For Dorothee Zilliken, also taking over from her father, in the Saar tributary in this case, “the 2019s are filigree and elegant but still intense. Open and accessible now, they will last up to 40 years, especially for the Auslesen and Spätlesen.” There was a time — pre‑climate change — when the most revered German wines were these fruity styles, which owed their sweetness to natural ripening and/or the concentrating fungus known as noble rot.

But today many of the country’s finest Rieslings are bone-dry (labelled trocken) or the medium-dry, feather-light style known as Kabinett. Besides, noble rot was not particularly prevalent in 2019, although Christoph Schaefer of Willi Schaefer, across the river from JJ Prüm, took the risk of leaving some of his grapes on the vine until the sunny weather of mid-October and was rewarded with an array of Auslesen, some from raisined rather than nobly rotten grapes, and an even riper, sweeter Beerenauslese. In these warmer, drier growing seasons noble rot, which needs moisture to develop, is becoming rarer, Schaefer reported.

It could be that German wine has reached its apogee with the 2019 vintage and that future growing seasons may simply be too hot and dry.

The 2020 vintage, currently under way, has of course featured logistical difficulties, thanks to the pandemic — and sunburn.

Some beautiful dry German 2019 Rieslings

Most of these wines are available in Germany and some in other countries already. In the UK, the 2019s are being offered en primeur by specialists Howard Ripley and Justerini & Brooks. GG stands for Grosses Gewächs, a dry wine from a single superior vineyard.

• Battenfeld-Spanier, Mölsheimer trocken

• Dönnhoff, Oberhäuser Leistenberg Kabinett
$24-$36 various US retailers

• Dönnhoff, Niederhäuser Klamm Kabinett
$28 K&L, US

• Emrich-Schönleber, Frühlingsplätzchen GG

• Emrich-Schönleber, Halenberg GG
£305 for six bottles in bond Justerini & Brooks

• Hofgut Falkenstein, Krettnacher Euchariusberg Alte Reben Kabinett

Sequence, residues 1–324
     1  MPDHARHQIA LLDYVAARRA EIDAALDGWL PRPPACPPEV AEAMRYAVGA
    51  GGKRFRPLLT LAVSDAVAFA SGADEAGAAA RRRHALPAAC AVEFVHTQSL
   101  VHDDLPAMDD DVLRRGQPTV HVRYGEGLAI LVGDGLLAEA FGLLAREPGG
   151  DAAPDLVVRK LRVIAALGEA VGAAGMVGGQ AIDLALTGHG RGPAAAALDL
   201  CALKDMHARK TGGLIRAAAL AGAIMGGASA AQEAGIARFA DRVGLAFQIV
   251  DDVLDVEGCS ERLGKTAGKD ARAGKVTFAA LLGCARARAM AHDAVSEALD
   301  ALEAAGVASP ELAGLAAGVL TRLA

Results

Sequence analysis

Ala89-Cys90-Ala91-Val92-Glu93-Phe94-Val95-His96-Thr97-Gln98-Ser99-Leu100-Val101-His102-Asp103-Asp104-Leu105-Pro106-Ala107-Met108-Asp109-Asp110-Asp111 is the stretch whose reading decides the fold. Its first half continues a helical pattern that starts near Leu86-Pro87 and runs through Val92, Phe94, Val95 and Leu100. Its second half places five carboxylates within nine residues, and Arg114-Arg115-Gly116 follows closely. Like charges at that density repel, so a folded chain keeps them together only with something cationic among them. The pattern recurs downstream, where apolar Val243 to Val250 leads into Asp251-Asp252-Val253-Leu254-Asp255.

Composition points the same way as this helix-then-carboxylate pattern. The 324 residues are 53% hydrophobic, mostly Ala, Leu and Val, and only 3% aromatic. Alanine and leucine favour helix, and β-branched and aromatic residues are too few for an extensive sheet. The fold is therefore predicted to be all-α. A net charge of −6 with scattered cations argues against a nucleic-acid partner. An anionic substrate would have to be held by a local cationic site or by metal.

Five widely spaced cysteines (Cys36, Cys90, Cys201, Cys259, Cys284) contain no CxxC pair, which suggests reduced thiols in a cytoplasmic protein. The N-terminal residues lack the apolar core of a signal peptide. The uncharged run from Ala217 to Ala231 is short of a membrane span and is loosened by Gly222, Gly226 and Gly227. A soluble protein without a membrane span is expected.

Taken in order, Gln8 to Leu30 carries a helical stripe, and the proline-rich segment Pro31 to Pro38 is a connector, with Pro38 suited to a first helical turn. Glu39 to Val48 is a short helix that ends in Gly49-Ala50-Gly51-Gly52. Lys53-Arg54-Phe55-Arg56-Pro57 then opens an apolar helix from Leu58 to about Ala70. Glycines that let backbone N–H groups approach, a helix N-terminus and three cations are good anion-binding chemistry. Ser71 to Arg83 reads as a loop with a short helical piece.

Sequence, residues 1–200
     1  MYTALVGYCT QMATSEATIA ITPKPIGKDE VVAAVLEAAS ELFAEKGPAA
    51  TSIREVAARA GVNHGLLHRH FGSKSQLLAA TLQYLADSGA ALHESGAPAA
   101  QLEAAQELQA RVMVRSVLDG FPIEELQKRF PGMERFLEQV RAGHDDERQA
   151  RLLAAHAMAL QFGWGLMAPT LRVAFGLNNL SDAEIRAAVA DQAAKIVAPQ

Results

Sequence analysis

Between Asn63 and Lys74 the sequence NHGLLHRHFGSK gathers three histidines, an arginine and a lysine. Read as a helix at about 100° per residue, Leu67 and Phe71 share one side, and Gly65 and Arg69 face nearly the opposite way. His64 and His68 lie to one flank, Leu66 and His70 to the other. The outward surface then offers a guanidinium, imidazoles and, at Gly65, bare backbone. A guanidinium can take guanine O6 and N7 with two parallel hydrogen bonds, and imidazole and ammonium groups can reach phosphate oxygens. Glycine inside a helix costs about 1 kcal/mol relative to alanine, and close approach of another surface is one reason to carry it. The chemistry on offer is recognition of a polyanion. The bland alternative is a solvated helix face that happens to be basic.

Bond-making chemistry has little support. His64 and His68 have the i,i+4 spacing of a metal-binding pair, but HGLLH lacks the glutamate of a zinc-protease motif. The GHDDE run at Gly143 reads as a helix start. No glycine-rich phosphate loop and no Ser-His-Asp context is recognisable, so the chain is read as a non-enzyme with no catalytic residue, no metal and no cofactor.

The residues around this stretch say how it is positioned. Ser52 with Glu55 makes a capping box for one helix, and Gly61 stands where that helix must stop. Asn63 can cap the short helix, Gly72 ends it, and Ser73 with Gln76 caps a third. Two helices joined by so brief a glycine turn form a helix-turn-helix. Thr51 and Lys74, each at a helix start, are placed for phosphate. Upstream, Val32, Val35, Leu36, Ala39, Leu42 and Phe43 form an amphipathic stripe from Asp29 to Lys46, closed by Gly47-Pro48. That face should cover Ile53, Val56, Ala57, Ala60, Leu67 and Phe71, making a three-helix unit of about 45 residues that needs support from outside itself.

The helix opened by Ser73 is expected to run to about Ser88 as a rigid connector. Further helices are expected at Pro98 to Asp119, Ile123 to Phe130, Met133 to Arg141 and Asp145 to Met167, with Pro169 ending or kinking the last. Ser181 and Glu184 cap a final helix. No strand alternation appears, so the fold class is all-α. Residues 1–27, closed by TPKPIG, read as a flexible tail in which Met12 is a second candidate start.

$29.99 Binny’s Beverage Depot, US

• Hofgut Falkenstein, Krettnacher Euchariusberg Kabinett
$27-$29 various US retailers

• Fritz Haag, Im Falkenberg GG

• Julian Haart, Piesporter Goldtröpfchen Kabinett

• Peter Lauer, Lambertskirch Fass 14 Kabinett

• Peter Lauer, Ayler Fass 4 Feinherb

• Peter Lauer, Ayler Kupp Stirn Fass 15 Feinherb

• Peter Lauer, Ayler Kupp Fass 8

• Georg Mosbacher, Wachenheimer Gerümpel trocken

• Rebholz, Kastanienbusch GG
£310 for six bottles in bond, Justerini & Brooks

• Rebholz, Ganz Horn Im Sonnenschein GG
£275 for six bottles in bond, Justerini & Brooks

• Schäfer-Fröhlich, Frühlingsplätzchen GG

• Schloss Lieser, Juffer-Sonnenuhr GG
£140 for six bottles in bond, Justerini & Brooks

• Schloss Lieser, Wehlener Sonnenuhr GG
£140 for six bottles in bond, Justerini & Brooks

• Willi Schaefer, Graacher Domprobst Kabinett
$38-$42 in the US

• Carl von Schubert, Maximin Grünhäuser, Herrenberg Kabinett
HK$220 The Fine Wine Experience, Hong Kong

• Carl von Schubert, Maximin Grünhäuser, Abtsberg Nr 33 Kabinett

• Wittmann, Aulerde GG

• Zilliken, Saarburger Rausch Kabinett
£90 for six bottles in bond, Justerini & Brooks

More stockists from Tasting notes on Purple Pages of

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Bets on coronavirus recovery may come good




Markets appear to have got the pandemic right. A plummet in shares as economies locked down gave way to a robust rally: investors trusted in a mix of vaccines, corporate adaptation and central bank stimulus. Mass vaccination programmes in the US and Europe are under way and in countries where they are most advanced like Israel and the UK, economies have unlocked and customers have come flooding back to shops and restaurants.

The virus takes advantage of our social natures to spread but markets had a different, equally human, trait in mind: ingenuity. That includes tech companies whose shares have been among the big winners as they kept businesses operating during lockdowns and new business models allowed shoppers to keep spending. Others too, have adapted, and lockdowns have become less damaging.

Even more important has been pharmaceutical innovation. Researching and developing vaccines has, likely, had among the greatest returns on investment of any human activity — as production accelerates the need to lock down, with its attendant economic costs, retreats. The next challenge — political rather than scientific — is to ensure a sufficient share make their way to poor countries.